Wednesday, December 30, 2020

Mise en Place

 What. A. Year. 

I was adamant about writing before 2021 because it will be my first time posting as frequently in over 5 years. Maybe next year I will meet my blog goal and post once a month. But, I'm also tired of making goals when so much can happen in a year, as seen in 2020, where our entire world has changed in 9 months. Being disappointed in what we "should" have accomplished this year wouldn't have allowed us to celebrate the successes of this year. Surviving a pandemic, a wildfire with hazardous air quality, political unrest, global racial awareness, etc. The list goes on because honestly, this year was so traumatic that I am hardly able to remember sometimes. What I do remember is that I felt more well rounded than I have in over a decade. With so much going on in the world, this year challenged me to strengthen my friendships, reactivate my artistic creativity, explore ways to give back - all while maintaining 6 feet and social distancing. 

A small successes for 2020 included diving into my filipino roots. I have spent so much of my life dedicated to my Black community and background, but I wanted to also give time to my other half. I am also Filipina! I can go into a long discussion on being bi-racial and multitude of layers that creates in identity, but I'll stop for this post. I read Filipino American books (Thank you Carlos Bulosan, Jose Antonio Vargas and Elaine Castillo!), joined the Filipino American City Employees (FACE) Affinity group, and spent lots of time in the kitchen with my mama. I've also been making up for lost time and eating lumpia WAY too often. My mom always says it's supposed to be for celebrations, which I think is fair because 2020 calls for parties at dinnertime simply for maintaining sanity and joy. 

Lumpia! (No, it's not a spring roll) 

Some much larger success happened all right in the last month. In my last post from August I talked about working on an artist grant. The Jordan Schnitzer Family Foundation had announced the Black Lives Matter Artist Grant, which dedicated $150,000 to 20 artists in Portland, Oregon (and another 40 in Washington/Eugene) for artists whose work responds to Black Lives Matter. I haven't made a visual art piece in over 8 years, but my past work was all themed on social injustice, so this grant was a perfect chance to funnel all my feelings in to a new piece. It was hard. I learned I can't just jump into art at a whim anymore - thinking too much on materials, dimension, composition, etc. Too much engineering lately, if you ask me ;) In spite of the hours staring a blank slate, I pulled together not just a proposal, but a completed piece for the grant. It was worth the effort too because I was announced as one of the grant recipients earlier this month. I was and am still elated. I thought I had given up the artist in me when I became an engineer - choosing not to study art in college and giving up the street shows I used to do. Details on the upcoming grant showcase are TBD due to COVID, but I plan to share the piece at that time. Applying for the grant also prompted me to reactivate my old domain and recreate my website, so is also up and running again!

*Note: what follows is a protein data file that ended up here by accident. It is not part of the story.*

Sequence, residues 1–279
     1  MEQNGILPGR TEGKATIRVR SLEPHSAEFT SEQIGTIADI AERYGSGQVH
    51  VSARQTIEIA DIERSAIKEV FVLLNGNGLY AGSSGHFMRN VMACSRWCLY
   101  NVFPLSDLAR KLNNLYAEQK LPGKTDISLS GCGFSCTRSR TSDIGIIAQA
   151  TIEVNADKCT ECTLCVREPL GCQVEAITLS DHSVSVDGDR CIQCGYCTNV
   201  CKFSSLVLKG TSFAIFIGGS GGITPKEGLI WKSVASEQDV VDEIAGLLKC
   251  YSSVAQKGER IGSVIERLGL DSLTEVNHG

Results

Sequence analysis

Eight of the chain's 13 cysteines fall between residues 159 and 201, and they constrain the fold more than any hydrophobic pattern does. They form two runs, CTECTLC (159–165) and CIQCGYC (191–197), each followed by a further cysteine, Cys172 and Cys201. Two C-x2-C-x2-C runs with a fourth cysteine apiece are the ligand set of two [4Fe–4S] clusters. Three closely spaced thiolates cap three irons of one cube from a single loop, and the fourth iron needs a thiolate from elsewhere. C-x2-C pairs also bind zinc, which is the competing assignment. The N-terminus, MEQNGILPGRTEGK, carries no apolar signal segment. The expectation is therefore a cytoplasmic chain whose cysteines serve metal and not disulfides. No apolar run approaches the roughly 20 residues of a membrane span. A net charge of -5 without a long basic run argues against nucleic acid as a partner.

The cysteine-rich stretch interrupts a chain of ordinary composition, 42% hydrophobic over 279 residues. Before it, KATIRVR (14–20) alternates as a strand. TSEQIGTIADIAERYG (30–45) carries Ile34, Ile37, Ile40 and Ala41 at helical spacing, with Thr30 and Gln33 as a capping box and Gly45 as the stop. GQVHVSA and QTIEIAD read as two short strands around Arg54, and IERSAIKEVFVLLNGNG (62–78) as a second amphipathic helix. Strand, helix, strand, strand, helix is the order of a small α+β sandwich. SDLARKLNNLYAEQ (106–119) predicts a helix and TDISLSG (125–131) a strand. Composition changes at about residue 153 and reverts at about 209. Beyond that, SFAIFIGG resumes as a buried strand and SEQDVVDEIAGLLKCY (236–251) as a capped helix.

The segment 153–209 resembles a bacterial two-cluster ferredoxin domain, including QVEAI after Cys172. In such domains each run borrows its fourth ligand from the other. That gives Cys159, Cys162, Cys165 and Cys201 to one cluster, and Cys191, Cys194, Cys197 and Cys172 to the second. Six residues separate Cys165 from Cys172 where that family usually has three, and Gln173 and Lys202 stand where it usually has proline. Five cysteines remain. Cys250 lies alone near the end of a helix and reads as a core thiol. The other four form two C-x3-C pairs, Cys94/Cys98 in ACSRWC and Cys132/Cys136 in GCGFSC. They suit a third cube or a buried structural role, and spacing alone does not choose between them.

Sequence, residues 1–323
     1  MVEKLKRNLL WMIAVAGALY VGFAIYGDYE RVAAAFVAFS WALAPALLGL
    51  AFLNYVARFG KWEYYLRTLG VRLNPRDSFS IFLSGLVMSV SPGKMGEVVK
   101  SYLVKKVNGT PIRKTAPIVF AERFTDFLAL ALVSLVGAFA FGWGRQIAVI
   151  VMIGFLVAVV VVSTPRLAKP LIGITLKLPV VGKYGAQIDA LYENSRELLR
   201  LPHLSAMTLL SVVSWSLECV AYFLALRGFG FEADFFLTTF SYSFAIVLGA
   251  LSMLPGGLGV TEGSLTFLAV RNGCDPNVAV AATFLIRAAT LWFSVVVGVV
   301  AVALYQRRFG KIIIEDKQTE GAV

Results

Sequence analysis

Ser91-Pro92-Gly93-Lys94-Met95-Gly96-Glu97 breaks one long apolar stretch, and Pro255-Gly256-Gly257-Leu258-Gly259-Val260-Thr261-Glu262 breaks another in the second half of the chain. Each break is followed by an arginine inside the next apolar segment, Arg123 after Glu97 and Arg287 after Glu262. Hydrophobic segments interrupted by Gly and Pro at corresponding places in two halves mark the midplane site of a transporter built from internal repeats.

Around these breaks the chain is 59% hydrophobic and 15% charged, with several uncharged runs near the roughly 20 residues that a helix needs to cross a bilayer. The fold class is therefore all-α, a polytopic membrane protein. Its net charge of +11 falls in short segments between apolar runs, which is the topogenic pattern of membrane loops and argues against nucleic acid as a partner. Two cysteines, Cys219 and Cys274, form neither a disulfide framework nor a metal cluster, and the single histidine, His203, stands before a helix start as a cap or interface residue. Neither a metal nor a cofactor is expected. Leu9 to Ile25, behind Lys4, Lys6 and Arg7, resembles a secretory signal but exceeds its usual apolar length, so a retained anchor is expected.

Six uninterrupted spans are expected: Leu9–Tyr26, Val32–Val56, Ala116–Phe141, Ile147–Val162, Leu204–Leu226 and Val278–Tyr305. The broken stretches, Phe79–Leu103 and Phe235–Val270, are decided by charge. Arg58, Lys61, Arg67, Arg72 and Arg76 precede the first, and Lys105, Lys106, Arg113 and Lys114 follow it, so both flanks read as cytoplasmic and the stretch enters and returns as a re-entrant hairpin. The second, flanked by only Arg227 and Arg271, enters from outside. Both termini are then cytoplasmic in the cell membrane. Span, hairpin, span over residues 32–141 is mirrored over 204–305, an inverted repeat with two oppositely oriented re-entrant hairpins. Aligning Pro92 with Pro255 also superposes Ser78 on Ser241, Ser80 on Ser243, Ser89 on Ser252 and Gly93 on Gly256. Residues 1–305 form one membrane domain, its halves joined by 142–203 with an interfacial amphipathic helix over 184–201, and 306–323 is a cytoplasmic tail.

Also, around August when I was feeling particularly overwhelmed with the state of affairs, I did some research on starting scholarships, foundations, etc. Thanks to some great advice, I was able to start my own scholarship for BIPOC women majoring in engineering, the 'Brannon Diversity in Engineering Scholarship' through my alma mater, University of Portland (UP). It is essentially a unique way to support diversifying STEM fields, which to almost all who know me, is a passion. As part of the 2% of engineering graduates who are black women, I am personally vested in diversifying my field. My scholarship was highlighted this month by UP in their Annual Giving Campaign. Highlighting my scholarship was astounding because it got so much support! Seeing my friends become donors and even a local company supporting this effort brought me so much joy. I am so grateful to all of the donors who made my education possible via scholarships, so it is a pleasure to give back to the future generation of engineers. More info on my newest website tab! ;) 

I can't pretend this year was all good. I lost my great grandma, spent many days in bed, slept more than I thought possible, cried over a lost foster kitten, drank too much, postponed parts of my life and found myself feeling helpless. In spite of the tumultuous year our world has had, we each accomplished so much - working from home, maintaining health, getting closer to friends, and reshaping our "normal." The french phrase "mise en place" means 'everything in its place,' as well as 'setting up' and thats a bit how it feels right now. A year so wretched, but hopeful - setting up for something better in 2021. 

Small orange highlights to this year. Meet Franz.


  1. So much goodness and now, I want some Lumpias. I love you, Jay.

  2. All the feels and so relatable 😭💖! Love you sis! You got this. - Sadé